Now most recently, we’re starting to see a restaurant chain with stores available, which is Pizza Hut. Pizza Hut has transitioned from a dining room model to more of a take-out, carry-out model that’s located very small square footage, like 1,500 square feet. So they’re closing the restaurants, moving into 1,500 square feet in the strip center to offer carry-out and take-out services or delivery services, and they’re doing away with their historic free-standing buildings. Which again, on a square footage basis may be a little large for urgent care, but certainly visibility, signage, traffic access and parking make these Pizza Hut locations prime locations for urgent care.

What will come next? I would say we would just have to follow the retail trends and see what retailers are going out of business, what retail concepts have become dated, and then those should be the types of locations that are available on the market. As I named, from video stores, to bookstores, to banks, to Pizza Huts – there will always be some retail business that has matured or the market’s moved on and those slots will be available for urgent care to back-fill.

Now, the question comes to how do you find the best location? Or how do you know whether you’ll be successful in a certain location? Well at Practice Velocity and Urgent Care Consultants we are in the unique position of having built an algorithm based on the performance of nearly 1,000 urgent care centers, where basically any dot on the map we can look at and identify how many visits per day that center would see, assuming marketing in place, urgent care contracts, strong providers flow, and a range of services. So with that predictive algorithm we can look at entire markets – markets where you might previously have thought there’s no opportunity. We can identify underserved areas, areas that have no urgent care, areas that are prime for urgent care, and in many cases we’re finding that the opportunity zones are falling a little beyond where people have historically looked in the suburbs. We’re seeing more and more opportunity in secondary markets and rural areas.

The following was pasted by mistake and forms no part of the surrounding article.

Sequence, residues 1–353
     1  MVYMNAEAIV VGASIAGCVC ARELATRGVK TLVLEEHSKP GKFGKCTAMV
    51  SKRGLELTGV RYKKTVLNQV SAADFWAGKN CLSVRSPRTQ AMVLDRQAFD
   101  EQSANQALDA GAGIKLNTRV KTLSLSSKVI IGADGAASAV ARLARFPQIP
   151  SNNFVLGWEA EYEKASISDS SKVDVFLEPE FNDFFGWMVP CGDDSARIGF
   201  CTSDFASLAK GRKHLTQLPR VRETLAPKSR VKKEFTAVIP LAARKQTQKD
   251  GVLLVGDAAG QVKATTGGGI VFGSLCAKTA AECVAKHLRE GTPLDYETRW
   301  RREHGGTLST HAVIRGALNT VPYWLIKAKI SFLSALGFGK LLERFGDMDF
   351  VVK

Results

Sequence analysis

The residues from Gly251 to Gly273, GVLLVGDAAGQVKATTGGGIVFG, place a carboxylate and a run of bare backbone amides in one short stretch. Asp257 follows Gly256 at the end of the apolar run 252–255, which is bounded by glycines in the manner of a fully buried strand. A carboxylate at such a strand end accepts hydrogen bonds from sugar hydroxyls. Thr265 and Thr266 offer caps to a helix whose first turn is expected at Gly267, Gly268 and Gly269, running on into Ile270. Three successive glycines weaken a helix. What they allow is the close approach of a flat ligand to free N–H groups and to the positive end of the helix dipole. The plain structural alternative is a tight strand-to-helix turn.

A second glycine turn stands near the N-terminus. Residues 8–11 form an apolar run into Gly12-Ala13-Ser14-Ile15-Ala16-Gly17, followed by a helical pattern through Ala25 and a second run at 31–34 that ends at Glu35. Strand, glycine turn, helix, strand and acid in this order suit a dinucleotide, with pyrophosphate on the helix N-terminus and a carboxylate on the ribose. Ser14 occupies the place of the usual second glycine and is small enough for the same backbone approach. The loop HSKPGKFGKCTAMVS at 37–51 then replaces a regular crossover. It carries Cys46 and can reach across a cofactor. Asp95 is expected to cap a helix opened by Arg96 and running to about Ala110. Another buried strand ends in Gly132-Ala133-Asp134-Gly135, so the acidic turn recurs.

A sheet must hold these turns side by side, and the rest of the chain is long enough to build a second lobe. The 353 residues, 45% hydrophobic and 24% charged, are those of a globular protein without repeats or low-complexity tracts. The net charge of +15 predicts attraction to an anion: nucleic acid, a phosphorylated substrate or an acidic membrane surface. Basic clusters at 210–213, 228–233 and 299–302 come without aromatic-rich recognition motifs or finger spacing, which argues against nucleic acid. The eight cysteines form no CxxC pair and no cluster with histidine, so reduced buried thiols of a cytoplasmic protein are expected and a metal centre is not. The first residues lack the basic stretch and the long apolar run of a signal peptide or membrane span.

So whether you’re planning a new urgent care, whether you’re an existing urgent care operator that’s looking to relocate or add additional centers – whatever your real estate needs – Urgent Care Consultants and Practice Velocity would be glad to help. Feel free to contact us using the information you see on your screen. Until next time, this is Alan Ayers Just Checking In.